Digilab is the Barking tech hub helping youngsters to become digital daemons
PUBLISHED: 10:05 20 August 2018 | UPDATED: 10:05 20 August 2018
Nestled at the back of Barking Library, a tech hub is turning bright sparks into digital daemons.
Digilab, at Barking Learning Centre, is a social enterprise based around increasing the borough’s youngsters’ technology skills, knowledge and experience.
Their base bustles with activity. Drones and handmade computers litter the main space, where a young computer whizz holds court on building hard drives. Elsewhere, beside a green screen and two spotlights, a 14-year-old schools a man ten years his senior on online marketing.
For founder Seun Oshinaike, 29, the hub proves young residents are hungry to follow in the footsteps of tech titans like Bill Gates and Apple gurus Steve Jobs and Steve Wozniak.
“We need an ecosystem of developers, of coders in the community,” he said.
“The idea [of Digilab] is to get people into computer programming, gaming, start building hardware and software products, and introduce them to the digital world.”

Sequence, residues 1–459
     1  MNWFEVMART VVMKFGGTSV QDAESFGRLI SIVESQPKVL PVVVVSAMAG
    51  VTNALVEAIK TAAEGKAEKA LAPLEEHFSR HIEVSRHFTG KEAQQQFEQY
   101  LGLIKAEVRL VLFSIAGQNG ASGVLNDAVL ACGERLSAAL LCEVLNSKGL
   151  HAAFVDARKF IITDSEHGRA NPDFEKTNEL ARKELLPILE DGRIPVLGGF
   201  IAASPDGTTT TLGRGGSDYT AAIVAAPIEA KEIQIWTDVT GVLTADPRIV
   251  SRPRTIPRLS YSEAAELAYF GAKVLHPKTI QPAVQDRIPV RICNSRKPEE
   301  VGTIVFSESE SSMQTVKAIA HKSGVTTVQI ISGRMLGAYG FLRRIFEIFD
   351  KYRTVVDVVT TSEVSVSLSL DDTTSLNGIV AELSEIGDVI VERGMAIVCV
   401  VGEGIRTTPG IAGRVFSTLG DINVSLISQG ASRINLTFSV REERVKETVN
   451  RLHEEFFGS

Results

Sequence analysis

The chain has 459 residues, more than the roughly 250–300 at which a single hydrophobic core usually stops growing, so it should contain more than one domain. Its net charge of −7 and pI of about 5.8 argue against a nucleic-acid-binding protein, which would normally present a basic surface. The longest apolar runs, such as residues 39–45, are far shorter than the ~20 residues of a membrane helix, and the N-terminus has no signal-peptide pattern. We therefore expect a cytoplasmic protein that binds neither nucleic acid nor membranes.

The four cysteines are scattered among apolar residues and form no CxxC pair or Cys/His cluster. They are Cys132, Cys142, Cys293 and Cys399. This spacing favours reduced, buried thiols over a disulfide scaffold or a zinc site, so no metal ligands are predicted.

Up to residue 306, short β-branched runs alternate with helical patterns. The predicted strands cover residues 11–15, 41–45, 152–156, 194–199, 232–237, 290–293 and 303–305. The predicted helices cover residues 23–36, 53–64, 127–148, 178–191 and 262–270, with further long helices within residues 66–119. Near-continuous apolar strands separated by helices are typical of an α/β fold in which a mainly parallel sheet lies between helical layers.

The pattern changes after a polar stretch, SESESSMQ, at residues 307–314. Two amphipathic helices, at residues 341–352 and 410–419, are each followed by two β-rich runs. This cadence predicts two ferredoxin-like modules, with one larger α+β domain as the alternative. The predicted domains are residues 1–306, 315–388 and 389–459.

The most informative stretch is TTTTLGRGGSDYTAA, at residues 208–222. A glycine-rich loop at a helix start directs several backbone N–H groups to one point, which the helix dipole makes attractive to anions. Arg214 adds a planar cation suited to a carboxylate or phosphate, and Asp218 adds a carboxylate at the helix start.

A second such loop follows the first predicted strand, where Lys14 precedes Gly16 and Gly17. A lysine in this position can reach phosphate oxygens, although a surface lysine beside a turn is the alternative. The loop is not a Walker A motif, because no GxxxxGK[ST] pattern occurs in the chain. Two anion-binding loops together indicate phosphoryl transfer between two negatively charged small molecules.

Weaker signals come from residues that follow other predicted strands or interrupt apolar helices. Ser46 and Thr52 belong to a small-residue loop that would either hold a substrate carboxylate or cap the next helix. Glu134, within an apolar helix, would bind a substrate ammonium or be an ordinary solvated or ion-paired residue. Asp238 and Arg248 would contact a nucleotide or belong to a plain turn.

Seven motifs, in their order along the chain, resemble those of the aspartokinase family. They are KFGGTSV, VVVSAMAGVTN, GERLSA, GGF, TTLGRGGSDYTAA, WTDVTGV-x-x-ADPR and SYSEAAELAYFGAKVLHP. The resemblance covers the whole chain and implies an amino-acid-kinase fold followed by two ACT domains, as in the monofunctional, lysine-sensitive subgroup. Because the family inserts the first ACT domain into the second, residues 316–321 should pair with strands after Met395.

The project, Seun added, had grown constantly since it was founded two and a half years ago.
“We set up in a small room in the library,” he said.
“After six months it was really packed up and we had to move into a bigger space, which we are now in.”
Alongside those using the space is Jenkinson Denzel-Southern, a 22-year-old filmmaker fresh out of Kingston University.
With producer and former classmate Marie Groth, he hopes to shake up the silver screen with their production company, Mavrik Studios.
“When you’re in that space, you can network much more easily,” said the former Barking Abbey pupil.
“You’re much more likely to run into the person who does the arts for the council.”
Marie, 24, was cautiously optimistic on the future.
“I would like us to have the freedom to be able to produce our vision, to not be restricted by funding and be able to tell the stories we want to tell,” she said.
Dagenham Park pupil Ebenezer Odubanjo, 14, first walked into the hub out of curiosity while searching for a library book.
He now makes pocket money coding and designing websites for businessman Siji Alonge.
“It’s really exciting seeing young people take ownership of their work,” said the 24-year-old.
“People see this and think I’m mentoring him. Actually, no: he gives me advice.”
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